Tech relishes role as Trump antagonist
Tech companies are becoming President Trump’s chief antagonists in the business world.
On a number of issues, Silicon Valley is directly challenging the administration’s policies more forcefully than other industries.
Microsoft is suing the administration for ending the Obama-era Deferred Action for Childhood Arrivals (DACA) program, which provided legal protections for certain immigrants brought to the country illegally as children.
IBM has also take a lead role in that fight, filing briefs with the court in favor of the program and having CEO Ginni Rometty press lawmakers for a legislative fix.
Tech companies have also taken a lead in criticizing Trump’s new tariffs, worrying it could raise production costs, disrupt critical supply chains and discourage foreign investment in their industry.
Apple CEO Tim Cook also delivered a subtle jab at the president’s policies at Tuesday night’s state dinner with the leader of France. Cook invited Apple’s director of sustainability, former Environmental Protection Agency Administrator Lisa Jackson, who is a strong supporter of the Paris climate accord, which Trump is withdrawing the U.S. from. Cook’s guest was also the only former Obama Cabinet member in the room.
The sense that the tech world is at loggerheads with Trump is also heightened by one of the president’s biggest feuds — with e-commerce giant Amazon.
Trump has hammered the company, questioning its deals with the post office to deliver packages and its tax bills. That fight is also partly fueled by Amazon CEO Jeff Bezos’s ownership of The Washington Post.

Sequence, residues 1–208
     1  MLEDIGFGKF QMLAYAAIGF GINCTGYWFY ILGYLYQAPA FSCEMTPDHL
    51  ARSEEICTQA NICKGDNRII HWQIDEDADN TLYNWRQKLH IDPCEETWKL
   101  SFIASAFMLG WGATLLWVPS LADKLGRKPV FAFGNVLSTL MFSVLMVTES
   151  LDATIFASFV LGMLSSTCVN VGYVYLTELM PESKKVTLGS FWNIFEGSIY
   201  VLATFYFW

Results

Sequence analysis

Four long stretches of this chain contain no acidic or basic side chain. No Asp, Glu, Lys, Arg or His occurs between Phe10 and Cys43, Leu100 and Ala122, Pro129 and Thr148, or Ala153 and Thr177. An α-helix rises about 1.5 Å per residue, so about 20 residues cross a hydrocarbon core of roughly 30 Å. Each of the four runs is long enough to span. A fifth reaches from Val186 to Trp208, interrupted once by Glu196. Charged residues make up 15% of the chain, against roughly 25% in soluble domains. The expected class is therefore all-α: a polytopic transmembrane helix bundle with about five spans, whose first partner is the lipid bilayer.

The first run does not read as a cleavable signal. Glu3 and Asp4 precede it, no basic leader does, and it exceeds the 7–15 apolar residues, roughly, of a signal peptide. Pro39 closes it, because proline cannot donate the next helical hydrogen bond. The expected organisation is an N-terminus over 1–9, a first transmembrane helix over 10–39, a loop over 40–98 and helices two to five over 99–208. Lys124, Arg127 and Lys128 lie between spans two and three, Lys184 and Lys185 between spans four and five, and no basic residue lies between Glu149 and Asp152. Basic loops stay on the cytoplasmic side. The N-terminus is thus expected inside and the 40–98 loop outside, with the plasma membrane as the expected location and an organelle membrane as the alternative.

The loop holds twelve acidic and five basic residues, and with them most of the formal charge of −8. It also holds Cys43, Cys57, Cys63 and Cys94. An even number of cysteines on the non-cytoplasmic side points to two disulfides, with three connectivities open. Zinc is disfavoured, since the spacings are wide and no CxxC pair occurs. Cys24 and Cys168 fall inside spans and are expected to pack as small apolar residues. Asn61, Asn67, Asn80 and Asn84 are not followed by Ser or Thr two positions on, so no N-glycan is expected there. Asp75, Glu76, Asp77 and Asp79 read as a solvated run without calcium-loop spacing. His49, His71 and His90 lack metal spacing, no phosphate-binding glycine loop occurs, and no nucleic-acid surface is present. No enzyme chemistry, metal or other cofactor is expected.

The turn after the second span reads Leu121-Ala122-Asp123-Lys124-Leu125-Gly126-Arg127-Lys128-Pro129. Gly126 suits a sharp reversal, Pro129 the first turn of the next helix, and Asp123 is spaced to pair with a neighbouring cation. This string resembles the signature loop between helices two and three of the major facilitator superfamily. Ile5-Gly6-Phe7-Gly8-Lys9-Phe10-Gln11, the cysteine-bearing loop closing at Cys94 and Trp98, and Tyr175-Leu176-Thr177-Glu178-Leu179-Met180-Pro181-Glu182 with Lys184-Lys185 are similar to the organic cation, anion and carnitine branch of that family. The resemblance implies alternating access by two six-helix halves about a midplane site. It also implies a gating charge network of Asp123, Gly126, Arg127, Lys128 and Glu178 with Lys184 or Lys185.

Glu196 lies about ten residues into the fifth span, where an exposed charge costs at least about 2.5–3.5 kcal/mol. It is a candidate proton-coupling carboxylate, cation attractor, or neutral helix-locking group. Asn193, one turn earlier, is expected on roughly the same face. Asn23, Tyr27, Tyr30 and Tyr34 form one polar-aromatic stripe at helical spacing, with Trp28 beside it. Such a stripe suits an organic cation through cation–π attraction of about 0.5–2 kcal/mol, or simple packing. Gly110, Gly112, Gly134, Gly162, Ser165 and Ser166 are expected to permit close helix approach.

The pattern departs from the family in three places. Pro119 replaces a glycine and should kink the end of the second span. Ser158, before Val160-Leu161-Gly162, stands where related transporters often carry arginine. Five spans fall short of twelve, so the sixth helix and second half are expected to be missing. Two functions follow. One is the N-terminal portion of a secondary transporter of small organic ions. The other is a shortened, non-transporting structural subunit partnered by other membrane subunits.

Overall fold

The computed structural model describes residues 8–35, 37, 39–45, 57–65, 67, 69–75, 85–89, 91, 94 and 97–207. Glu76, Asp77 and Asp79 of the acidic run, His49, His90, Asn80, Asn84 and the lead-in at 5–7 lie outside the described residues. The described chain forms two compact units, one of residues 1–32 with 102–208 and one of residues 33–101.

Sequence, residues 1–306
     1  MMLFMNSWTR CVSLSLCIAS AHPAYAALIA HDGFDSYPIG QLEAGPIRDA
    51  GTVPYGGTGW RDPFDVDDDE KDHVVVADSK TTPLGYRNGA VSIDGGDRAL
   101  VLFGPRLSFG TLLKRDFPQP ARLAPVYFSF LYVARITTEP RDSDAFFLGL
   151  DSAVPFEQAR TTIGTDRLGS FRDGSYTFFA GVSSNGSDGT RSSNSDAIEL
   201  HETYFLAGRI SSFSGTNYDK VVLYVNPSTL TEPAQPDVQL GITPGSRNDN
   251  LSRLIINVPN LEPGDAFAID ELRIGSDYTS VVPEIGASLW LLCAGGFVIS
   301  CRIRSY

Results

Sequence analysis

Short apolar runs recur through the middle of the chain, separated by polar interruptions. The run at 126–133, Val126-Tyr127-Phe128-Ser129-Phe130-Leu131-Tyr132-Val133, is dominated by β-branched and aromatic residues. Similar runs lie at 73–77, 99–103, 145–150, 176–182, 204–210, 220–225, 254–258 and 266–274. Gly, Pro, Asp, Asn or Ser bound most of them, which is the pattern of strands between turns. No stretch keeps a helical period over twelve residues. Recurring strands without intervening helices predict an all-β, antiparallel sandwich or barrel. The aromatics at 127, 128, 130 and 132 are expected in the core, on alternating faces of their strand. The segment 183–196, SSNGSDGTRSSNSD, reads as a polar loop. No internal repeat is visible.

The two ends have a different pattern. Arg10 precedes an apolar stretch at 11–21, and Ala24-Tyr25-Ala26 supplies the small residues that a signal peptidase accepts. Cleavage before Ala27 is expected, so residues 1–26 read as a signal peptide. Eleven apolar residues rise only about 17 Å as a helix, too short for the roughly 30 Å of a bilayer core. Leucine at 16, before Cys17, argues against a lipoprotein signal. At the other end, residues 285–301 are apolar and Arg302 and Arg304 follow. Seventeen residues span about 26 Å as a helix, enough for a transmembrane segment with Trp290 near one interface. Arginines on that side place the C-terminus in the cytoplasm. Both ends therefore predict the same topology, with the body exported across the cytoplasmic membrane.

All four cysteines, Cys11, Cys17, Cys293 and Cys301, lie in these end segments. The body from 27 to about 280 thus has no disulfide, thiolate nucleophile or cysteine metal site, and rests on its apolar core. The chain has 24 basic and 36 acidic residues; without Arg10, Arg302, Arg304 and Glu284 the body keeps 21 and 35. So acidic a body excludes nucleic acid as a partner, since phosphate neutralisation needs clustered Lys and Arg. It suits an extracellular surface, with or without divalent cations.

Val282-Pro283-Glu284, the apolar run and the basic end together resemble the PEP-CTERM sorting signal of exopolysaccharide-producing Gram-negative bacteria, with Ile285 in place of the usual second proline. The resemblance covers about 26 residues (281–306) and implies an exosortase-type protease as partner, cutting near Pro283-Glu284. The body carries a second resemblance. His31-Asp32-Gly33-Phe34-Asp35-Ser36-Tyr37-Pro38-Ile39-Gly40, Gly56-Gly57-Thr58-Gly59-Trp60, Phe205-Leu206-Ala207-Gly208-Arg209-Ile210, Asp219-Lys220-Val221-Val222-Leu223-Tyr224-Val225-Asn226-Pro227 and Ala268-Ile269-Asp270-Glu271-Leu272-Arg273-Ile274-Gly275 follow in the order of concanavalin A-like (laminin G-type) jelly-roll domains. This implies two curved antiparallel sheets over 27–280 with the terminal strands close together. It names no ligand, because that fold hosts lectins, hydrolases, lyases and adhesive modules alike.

Tech watchers say the tech-Trump divide is partly a culture clash.
Many workers in Silicon Valley back increased immigration, efforts to combat climate change, easing free-trade, and are left of center on social issues.
Trump is often going in a different direction.
Tech leaders have also found themselves under pressure from their employees, who are urging them to use their fortunes and public recognition to push back on Trump’s agenda.
Last year, IBM employees rallied around a petition urging their CEO to reconsider her role as an informal adviser to the administration on business and tech issues.
Other tech companies faced the same pressure from employees to take public stands against Trump policies, including on social issues that might not impact their bottom lines.
Tech leaders have been vocal supporters of LGBT rights. Executives from Salesforce and Google were among the first to speak out against Trump’s ban on transgender troops serving in the military.
But that activism also has potential pitfalls for tech.
Rob Atkinson, President of the Information Technology and Innovation Foundation, a tech-focused think tank, called the industry’s frequent fights with the White House “risky.”
“It’s not an issue that’s central to the wellbeing of the industry,” he said about challenging the administration on social issues.
“I don’t know why the industry is wasting their political capital,” he added.
Gary Shapiro, president of the Consumer Technology Association (CTA), which lobbies on behalf of technology companies, believes the industry has more leeway when it comes to criticizing Trump.